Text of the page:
When you mention diversification, most people will immediately recognise that it is a good idea. Most people have heard of the old saying “Don’t put all of your eggs in one basked” and I fully agree.
Of course you should hold more than one stock – I mean if you hold Apple, Facebook, Google, Bank of America and GE then you are diversified right?
Well in a sense yes, because if one of those companies doesn’t do so well then you have a couple of others that might make up for the difference. But this is just one level of diversification and it is has a major flaw.
What is the flaw in the typical approach to diversification?
The fundamental flaw in the typical approach to diversification is that it is only taking advantage of a single level of diversification.
When you hold multiple stocks in your portfolio you reduce company specific risk because you have different companies with different risks in your portfolio. But you are not diversifying against other risks like economic, investor sentiment, currency fluctuations and so on.
Thinking about all of these risks and diversifying against each one is VERY HARD, and chances are you will miss the one risk that you really need to address!
I propose that you think about it from the angle of diversifying how you make your money. When you do this there are 6 levels of diversification to consider.
What are the 6 levels of diversification?
When you take the perspective of a trader, there are six different levels of diversification that you can take advantage of:
- Return Drivers
Let’s look at each of these in turn and see how you can implement them as a private trader:
Just like the “don’t put all your eggs in one basket” example above, all traders should hold multiple positions. Company specific risk and unexpected announcements can make individual positions swing wildly, so the more positions you have the less this will be a problem for you.
No matter how good the story is, don’t bet it all on one or 2 hot stocks. Even the market darlings can fail – Just look at Worldcom, Enron, Goldman and hundreds of others. You just can’t rely on a small number of positions to generate consistent returns!
Regardless of whether you use indicators, a trading system or fundamental analysis, you will have to choose the parameters that will trigger entries and exits.
A simple example is a moving average crossover system – you enter when the 20 day moving average crosses above the 200 day moving average, and exit when it crosses back below. (I am not advocating that as a system, it is simply an illustrative example). In this example there are two obvious parameters: 20 for the short average and 200 for the long average.
Most people would search for the combination of parameters that work best in the past and use those for their trading. A better way is to choose parameters that are in the middle of a range of well performing parameters. But an even better way is to diversify your parameters across the range that works.
So in the diagram above, say the range of good performance was between 24 and 30 days for the short term moving average. Here you would diversify by using several values within this range (say 25 & 29) as slightly different versions of the same system.
If you diversify a couple of key components of your trading system so you have a couple of different versions of the system then you will most likely outperform one single version over time.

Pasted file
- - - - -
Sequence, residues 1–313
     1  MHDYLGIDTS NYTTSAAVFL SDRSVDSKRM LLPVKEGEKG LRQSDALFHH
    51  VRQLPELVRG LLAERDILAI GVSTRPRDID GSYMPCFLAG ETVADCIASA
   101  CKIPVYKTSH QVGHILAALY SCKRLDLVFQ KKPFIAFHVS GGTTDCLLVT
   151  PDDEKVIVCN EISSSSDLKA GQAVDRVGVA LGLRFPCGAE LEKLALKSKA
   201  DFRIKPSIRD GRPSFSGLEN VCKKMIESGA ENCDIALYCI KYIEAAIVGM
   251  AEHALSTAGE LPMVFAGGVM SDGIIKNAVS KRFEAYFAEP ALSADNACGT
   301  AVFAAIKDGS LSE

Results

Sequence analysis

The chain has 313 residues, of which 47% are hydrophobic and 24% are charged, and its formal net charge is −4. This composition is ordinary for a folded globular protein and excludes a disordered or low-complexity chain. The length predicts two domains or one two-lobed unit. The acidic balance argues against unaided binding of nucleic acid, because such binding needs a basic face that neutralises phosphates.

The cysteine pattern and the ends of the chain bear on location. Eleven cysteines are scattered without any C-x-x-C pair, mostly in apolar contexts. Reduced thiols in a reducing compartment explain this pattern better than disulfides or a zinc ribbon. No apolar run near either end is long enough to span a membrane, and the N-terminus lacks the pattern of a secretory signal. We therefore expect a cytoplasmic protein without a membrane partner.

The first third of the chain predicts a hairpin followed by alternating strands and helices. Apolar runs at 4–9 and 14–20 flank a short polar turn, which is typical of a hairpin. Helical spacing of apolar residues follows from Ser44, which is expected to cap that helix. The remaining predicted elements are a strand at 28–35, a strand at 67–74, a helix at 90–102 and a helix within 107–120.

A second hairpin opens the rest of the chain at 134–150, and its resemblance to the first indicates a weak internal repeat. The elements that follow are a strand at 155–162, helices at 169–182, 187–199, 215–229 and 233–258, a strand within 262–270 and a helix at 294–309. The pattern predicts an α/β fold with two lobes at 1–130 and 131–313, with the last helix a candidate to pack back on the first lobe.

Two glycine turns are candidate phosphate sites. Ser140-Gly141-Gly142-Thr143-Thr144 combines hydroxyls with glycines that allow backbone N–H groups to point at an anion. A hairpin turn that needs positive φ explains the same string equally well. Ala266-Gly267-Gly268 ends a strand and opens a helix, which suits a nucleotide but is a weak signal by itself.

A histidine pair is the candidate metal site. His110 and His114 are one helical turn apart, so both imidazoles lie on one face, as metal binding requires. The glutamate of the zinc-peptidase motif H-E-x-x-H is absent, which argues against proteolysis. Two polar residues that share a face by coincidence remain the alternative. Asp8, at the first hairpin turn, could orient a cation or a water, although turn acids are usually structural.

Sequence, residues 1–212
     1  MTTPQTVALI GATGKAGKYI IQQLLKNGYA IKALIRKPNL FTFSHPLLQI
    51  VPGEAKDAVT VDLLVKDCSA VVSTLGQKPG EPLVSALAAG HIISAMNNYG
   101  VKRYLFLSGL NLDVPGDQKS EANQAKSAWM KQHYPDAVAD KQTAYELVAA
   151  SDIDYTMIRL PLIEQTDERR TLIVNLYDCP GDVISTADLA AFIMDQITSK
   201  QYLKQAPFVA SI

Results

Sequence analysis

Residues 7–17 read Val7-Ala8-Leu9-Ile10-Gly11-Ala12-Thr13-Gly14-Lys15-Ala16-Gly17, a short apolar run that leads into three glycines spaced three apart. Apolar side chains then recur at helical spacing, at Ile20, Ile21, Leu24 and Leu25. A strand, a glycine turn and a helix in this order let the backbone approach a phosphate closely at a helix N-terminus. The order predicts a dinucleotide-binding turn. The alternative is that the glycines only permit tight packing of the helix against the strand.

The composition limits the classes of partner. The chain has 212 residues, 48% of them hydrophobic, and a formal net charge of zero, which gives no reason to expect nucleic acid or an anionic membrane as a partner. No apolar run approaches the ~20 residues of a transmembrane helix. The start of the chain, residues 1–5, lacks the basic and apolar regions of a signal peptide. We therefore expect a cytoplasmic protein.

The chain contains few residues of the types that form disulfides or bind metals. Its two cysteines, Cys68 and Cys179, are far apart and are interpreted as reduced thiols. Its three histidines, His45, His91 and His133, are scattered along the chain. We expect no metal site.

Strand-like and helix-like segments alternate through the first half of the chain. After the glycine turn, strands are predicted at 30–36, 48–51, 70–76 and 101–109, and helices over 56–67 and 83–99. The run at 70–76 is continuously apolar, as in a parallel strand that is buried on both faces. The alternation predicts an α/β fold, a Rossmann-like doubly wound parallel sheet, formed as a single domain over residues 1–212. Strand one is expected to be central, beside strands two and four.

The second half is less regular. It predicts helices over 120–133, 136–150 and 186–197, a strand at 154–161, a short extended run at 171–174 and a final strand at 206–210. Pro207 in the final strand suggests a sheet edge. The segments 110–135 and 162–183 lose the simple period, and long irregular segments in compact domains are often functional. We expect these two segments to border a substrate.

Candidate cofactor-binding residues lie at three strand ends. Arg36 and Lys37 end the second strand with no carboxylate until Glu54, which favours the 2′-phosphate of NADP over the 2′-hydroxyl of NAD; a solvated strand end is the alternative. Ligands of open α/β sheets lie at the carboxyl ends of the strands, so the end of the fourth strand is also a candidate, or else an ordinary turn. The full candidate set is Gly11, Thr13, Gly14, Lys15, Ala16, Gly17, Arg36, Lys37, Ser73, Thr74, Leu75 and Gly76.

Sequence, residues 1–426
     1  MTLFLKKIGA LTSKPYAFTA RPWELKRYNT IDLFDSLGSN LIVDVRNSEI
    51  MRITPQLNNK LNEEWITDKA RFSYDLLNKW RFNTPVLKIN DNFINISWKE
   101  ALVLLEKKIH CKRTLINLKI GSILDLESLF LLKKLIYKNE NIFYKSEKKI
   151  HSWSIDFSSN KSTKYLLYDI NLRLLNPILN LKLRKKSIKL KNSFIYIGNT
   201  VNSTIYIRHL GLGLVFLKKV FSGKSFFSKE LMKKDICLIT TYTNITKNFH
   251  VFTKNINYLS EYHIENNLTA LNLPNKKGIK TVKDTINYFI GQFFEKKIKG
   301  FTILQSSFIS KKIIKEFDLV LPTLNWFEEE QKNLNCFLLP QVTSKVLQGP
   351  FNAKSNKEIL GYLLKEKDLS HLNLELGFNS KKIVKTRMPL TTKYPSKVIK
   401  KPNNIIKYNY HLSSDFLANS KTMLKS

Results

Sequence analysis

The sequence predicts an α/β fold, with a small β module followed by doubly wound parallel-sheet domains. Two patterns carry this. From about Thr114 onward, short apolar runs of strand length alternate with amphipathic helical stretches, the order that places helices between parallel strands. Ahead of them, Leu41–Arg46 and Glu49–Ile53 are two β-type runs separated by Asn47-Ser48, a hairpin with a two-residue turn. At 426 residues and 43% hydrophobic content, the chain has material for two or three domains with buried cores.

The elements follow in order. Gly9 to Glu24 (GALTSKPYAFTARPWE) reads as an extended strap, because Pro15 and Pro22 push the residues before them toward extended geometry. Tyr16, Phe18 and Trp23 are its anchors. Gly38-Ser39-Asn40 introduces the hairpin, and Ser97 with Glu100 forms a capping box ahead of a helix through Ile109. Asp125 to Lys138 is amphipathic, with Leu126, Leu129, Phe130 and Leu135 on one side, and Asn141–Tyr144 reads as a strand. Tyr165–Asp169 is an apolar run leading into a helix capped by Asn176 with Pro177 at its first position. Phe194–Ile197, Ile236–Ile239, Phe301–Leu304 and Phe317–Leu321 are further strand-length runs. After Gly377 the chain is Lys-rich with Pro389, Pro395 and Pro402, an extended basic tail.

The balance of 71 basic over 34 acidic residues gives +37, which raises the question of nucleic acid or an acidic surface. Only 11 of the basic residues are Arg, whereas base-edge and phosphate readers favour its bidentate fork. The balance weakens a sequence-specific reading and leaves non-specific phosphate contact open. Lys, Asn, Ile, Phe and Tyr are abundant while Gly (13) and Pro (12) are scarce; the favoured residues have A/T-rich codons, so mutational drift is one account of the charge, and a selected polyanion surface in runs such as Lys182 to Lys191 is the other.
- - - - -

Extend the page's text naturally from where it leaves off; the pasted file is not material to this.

There are many Trading Systems that work. Each different system will enter and exit the market at different times. They will also experience profit and drawdown at different times. This makes a hug difference if you are profiting from one while the other is losing. For example:
When you combine two different trading systems into a portfolio you can reduce the volatility of your returns OR achieve higher returns with the same volatility. This is diversification gold!
Trends & patterns can exist on Weekly/Daily/hour/minute charts. Most people will have one natural center when it comes to timeframes. If you create a trading system for your preferred timeframe and then diversify by adding a second timeframe then you can find similar benefits as you get by adding diversified systems as shown above.
If you are a stock trader who only trades in your home market then you are missing another big source of diversification. It is now cheap and easy to trade on all sorts of exchanges around the world so there is no longer an excuse to not consider diversification across other markets.
While most of the world’s stock markets are correlated, they still move somewhat independently day to day. Depending on what your home market is the right market for you to diversify into will differ. You will need to explore and find the right market for you to diversify into.
You may consider going even further – if you a stock trader now you could even consider adding futures or forex or options to your portfolio.
The final level of diversification is based on return drivers. This means you diversify what type of market behavior actually generates a profit for you. There are many types of market behavior that you can profit from including (but probably not limited to):
- Upward Moves
- Downward Moves
- Statistical Relationships
- Mean Reversion
- Increasing Volatility
- Decreasing Volatility
- Time decay
As you get comfortable trading one of these return drivers you can add another one for diversity.
The diversification combinations based on these 6 levels are potentially endless. The more uncorrelated ways of making money you have the better your long term performance will be. You won’t be able to take advantage of them all, but just remember, there is a lot more to diversification than just adding a Google position to you Apple and Facebook holdings!